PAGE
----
Source: 'A quantitative approach to tactical 

asset management', Faber, 2008

Different asset classes form 
a 'rope' of returns
In Part Two we began to examine the principles behind it, investigating the remarkable strengths and occasional weaknesses of that great pillar of investment theory diversification; and we saw how the diversified portfolio set out by Faber in 2006 would have proved a true life-saver during the crash of 2008. 

Taking a deep breath, we delved into the nitty-gritty of setting up this same type of portfolio - and found that *gasp!* it was not rocket science but actually quite straightforward.  

Using a careful selection of inexpensive ETFs in a tax-free (ISA) or tax-deferred (SIPP, IRA, 401k) account, and tending to it only rarely, we could look forward to the prospect of strong and stable long term growth with a truly remarkable reduction in risk and volatility.

Source: 'A quantitative approach to tactical asset management', M. Faber, 2008

A greater total annualized return than buy-and hold... 
with less pain


Which brings us to the the final, crucial piece of the jigsaw, the piece which separates this plan from any number of run-of-the-mill investment strategies you'll find lining the virtual bookshelves at Amazon or peddled by your local for-hire independent financial advisor.

This is the secret which is going to allow you to sleep easy in your bed when millions of investors (and their advisors) are fretting and sweating over the next market calamity - a prospect which is, I'm afraid, all too real and which I remain concerned awaits us on the other side of our present 'recovery'.

What is this secret?  Why, fittingly, it is no different from the secret of great com-

One of the most pervasive, misleading and criminal myths parroted within the broad investment community is that 'you can't time the market'.  

This nonsense, propogated and spread mostly by fund managers fearing for their jobs (when their investors jump ship they are regularly pitched overboard) and by financial advisors who need their clients constantly invested so they can extract a commission, is verifiably false.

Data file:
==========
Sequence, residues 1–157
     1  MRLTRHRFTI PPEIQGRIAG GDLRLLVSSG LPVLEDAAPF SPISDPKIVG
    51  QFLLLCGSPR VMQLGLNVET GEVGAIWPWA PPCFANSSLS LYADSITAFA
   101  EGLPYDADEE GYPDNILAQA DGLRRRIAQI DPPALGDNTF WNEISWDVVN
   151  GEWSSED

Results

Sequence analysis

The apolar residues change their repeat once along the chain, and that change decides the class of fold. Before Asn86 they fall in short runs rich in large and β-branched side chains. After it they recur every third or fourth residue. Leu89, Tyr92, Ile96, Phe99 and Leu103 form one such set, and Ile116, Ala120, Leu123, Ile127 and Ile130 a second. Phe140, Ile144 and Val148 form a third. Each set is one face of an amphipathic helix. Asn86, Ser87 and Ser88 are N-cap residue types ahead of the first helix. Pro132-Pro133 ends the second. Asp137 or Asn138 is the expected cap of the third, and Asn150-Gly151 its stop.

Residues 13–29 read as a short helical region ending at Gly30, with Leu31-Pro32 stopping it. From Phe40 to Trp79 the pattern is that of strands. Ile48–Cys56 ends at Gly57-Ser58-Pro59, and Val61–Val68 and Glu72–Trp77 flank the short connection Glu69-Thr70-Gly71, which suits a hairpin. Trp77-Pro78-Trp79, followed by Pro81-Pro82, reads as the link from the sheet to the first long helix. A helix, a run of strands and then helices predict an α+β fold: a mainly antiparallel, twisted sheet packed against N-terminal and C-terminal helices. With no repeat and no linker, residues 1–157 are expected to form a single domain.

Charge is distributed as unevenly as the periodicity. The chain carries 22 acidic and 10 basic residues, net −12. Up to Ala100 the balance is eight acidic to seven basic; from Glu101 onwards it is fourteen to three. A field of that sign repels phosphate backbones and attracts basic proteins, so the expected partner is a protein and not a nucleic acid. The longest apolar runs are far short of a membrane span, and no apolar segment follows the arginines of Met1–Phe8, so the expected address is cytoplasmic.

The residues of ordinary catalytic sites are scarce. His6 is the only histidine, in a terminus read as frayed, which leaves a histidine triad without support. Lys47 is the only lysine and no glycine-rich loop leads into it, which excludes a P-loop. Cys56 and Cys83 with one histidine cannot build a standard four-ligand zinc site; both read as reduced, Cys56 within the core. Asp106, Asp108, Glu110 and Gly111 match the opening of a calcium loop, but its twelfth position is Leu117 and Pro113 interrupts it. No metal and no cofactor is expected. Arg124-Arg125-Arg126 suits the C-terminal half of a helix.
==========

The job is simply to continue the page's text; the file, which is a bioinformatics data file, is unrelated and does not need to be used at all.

In fact, when next you need to interview an investment advisor, a great test is to ask whether they think there is any value in market timing.  If they spin you the standard line: 'timing the market consistently is impossible' - don't walk, run.

The near-catastrophe of 2008 is an open and shut case for the value of considered market timing, an example of how the ordinary investor can end up being shafted by meekly aquiescing to advice from an industry which, quite literally, feeds off their ignorance.  

While there can never be any guarantees in this game (and the risks of putting your cash under the mattress ain't zero either), the timing strategy Faber presents in his paper and which is replicated here, tested on a century of data and on widely differing asset classes, shows that you can - and damn well should expect to - make your gains and hang on to them, even in the most turbulent of times.    

Source: 'A quantitative approach to tactical asset management', M. Faber, 2008

Over a 109-year period, compounded returns from timing the US S&P500 index using the simple methodology presented here not only comfortably beat a buy-and-hold strategy, it achieved those returns with far less volatility and greatly reduced drawdown (maximum loss at any point).

The table above only shows the effects of the timing method on your stock 
market gains; when we include the effects of diversification - remember, you will have at least four other asset classes in your portfolio - the combination reduces your overall risk even further whilst boosting your overall returns. 

Can you time the market?  
Yes you can.

Timing in this sense doesn't mean taking speculative punts to juice returns in the short term; its greatest value is as a way to keep your hard-earned savings out of the path of a major storm. Used carefully and strategically, timing is nothing more than an insurance policy against disaster.  It allows you to sleep soundly and invest with confidence.  

My dear reader, what price would you put on that?



Boredom alert!  Many seasoned traders will be extremely familiar with the method I am about to describe and, having learnt it in Trading 101, will have relegated it to the bottom draw in favour of far sexier timing techniques. As they yawn their way through the rest of this post however, I invite you to marvel at the simplicity, practicality and profitability of the following.  

Skipping through these three steps, it should take you no more than ten minutes once a month to keep your nest-egg safe and you on the primrose path to a comfortable old age.